08/16/2002 12:00AM

Lasting Code comes into Oaks plenty cranky


AUBURN, Wash. - Lasting Code is getting cranky, and that makes trainer Bob McMeans glad.

Owner Jerre Paxton purchased Lasting Code, the certain favorite for Sunday's $100,000 Washington Breeders' Cup Oaks for 3-year-old fillies at nine furlongs, in a private transaction in May, and at that time she was a perfect lady.

"She was so quiet around the barn, I thought she was just a real laid-back filly," recalled McMeans. "I didn't know that just wasn't her."

The trainer found out that Lasting Code, a Kentucky-bred daughter of Lost Code, wasn't herself when she ran the first and only bad race of her career in the one-mile Kent Handicap on June 2, finishing last of eight at odds of 3-5.

"It turned out that her ankles were bugging her a little, and as we worked on them and she got to feeling better, she got more ornery," he said.

"She never really acted up, but she was more demanding and she made a lot more noise. Whenever we took another horse out, she would squeal until we let her out of her stall, too."

Lasting Code was feeling feisty when she returned to win the 1 1/16-mile Irish Day Handicap by a nose on June 30, and feistier still when she came back to win the July 20 Paragon Handicap at the same distance by a neck. Now she is even worse, which is, McMeans has learned, better.

"It's just her way of showing that she is feeling good," he said. "So the crankier she is, the better I like it. Judging by the way she has been acting lately, she is feeling better than ever.

"This is a new distance for her, but she is bred to go this far and she won't be short on conditioning. She actually finished with a lot left in her last race, even though she only won by a neck. She has a habit of waiting for horses once she gets in front, so I don't think we're ever going to see her drawing off to win by a big margin. She won't let them by her, though, and that's what counts."

More good fillies

Paxton, who races under the banner of Northwest Farms, is campaigning an exceptional group of 3-year-old fillies, including sprint stakes winner Strong Credentials and maiden special weight graduate Complete Package at this track and Strikes No Spares, who ran third in a Grade 3 stakes last weekend at Arlington Park.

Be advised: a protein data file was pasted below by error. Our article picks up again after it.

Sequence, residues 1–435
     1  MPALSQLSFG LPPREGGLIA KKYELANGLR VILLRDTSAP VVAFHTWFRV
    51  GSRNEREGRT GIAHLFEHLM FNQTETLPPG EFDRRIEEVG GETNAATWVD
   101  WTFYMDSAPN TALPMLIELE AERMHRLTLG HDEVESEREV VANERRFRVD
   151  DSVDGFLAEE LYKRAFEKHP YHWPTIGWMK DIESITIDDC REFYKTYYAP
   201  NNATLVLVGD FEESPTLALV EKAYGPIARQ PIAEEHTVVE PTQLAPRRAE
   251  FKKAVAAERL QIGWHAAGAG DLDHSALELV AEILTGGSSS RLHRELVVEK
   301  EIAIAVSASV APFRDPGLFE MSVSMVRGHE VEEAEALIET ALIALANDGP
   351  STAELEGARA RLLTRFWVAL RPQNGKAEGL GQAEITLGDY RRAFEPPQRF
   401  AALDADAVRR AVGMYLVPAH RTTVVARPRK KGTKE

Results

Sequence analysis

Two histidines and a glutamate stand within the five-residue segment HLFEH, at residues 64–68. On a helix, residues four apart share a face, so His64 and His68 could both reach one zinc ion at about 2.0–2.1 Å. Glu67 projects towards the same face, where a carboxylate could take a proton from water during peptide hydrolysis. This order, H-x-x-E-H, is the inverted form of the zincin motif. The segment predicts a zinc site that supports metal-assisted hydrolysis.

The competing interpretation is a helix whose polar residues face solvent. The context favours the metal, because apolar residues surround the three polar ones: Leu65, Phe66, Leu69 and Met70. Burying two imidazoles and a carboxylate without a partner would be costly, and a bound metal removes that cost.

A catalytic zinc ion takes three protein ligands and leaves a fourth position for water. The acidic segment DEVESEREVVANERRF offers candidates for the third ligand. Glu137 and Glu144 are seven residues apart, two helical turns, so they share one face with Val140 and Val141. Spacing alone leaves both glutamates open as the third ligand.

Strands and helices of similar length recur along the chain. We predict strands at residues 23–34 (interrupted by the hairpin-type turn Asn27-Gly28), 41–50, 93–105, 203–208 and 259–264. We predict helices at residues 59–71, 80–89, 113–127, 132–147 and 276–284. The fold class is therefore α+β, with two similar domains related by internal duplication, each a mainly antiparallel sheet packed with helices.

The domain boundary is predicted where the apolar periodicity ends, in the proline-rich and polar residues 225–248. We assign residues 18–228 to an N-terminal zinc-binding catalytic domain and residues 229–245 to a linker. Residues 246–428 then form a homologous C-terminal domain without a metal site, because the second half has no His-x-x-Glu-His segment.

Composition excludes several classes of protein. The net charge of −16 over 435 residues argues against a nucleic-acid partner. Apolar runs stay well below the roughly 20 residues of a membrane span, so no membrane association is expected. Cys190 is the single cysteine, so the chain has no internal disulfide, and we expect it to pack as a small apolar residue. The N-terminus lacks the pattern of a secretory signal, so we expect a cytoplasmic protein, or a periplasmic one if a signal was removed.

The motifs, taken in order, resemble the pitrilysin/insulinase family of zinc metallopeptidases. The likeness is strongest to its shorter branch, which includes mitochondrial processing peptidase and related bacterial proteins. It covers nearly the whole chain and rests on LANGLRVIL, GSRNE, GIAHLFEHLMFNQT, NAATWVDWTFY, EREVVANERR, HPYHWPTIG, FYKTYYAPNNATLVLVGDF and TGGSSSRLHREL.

The latest to emerge is the McMeans-trained Untamed Passion, who made a spectacular debut here last Saturday when she defeated maiden special weight company by four lengths after 6 1/2 furlongs in a rapid 1:15.80.

Much was made of the fact that Paxton purchased Untamed Passion for $200,000 as a yearling, but a perusal of her pedigree makes one wonder why she didn't cost more. She is by Blue Grass winner Pulpit, whose 26 yearlings sold for an average of $423,538 in 2000, and her female family is hardly subpar. Her dam, Lotta Dancing, was a Grade 3 stakes winner of $358,000, and her maternal granddam, Lotka, was a multiple Grade 1 stakes winner of $721,804 and a full sister to millionaire Stephen's Odyssey.

"Jerre bought her in January, so she was barely a yearling," explained McMeans. "Also, she wasn't an impressive individual at that time, or even last year at 2. It wasn't until this year that she really grew into herself and started showing her talent. She still has a ways to go as far as maturity is concerned."

Untamed Passion was entered in a mile allowance race a week before she made her debut, but was scratched in the paddock.

"She froze up in the paddock, then she lurched forward and went to her knees," McMeans recalled. "She was fine, and in most places they give you the choice of whether you want to go ahead and run, but around here that is an automatic scratch.

"She was freezing up in the paddock again on Saturday, but we managed to keep her feet under her. We took her off by herself to saddle her, then we put the jockey up on the track. I didn't know if we'd get her to the gate or not, but once the race started she ran like a total professional. That's her saving grace. She does want to run."

* Approximately $35,000 was raised to defray rehabilitation costs for exercise rider and valet Tom Kidwell, who suffered a severe stroke last month, at a dance and auction held here last Sunday night.

* Services were held in Spokane on Friday for jockey Lane Rennaker, who died last Saturday of a self-inflicted gunshot wound. Rennaker, 40, won 1,382 races over his 20-year career and was second-leading rider at Playfair three times in the 1990's.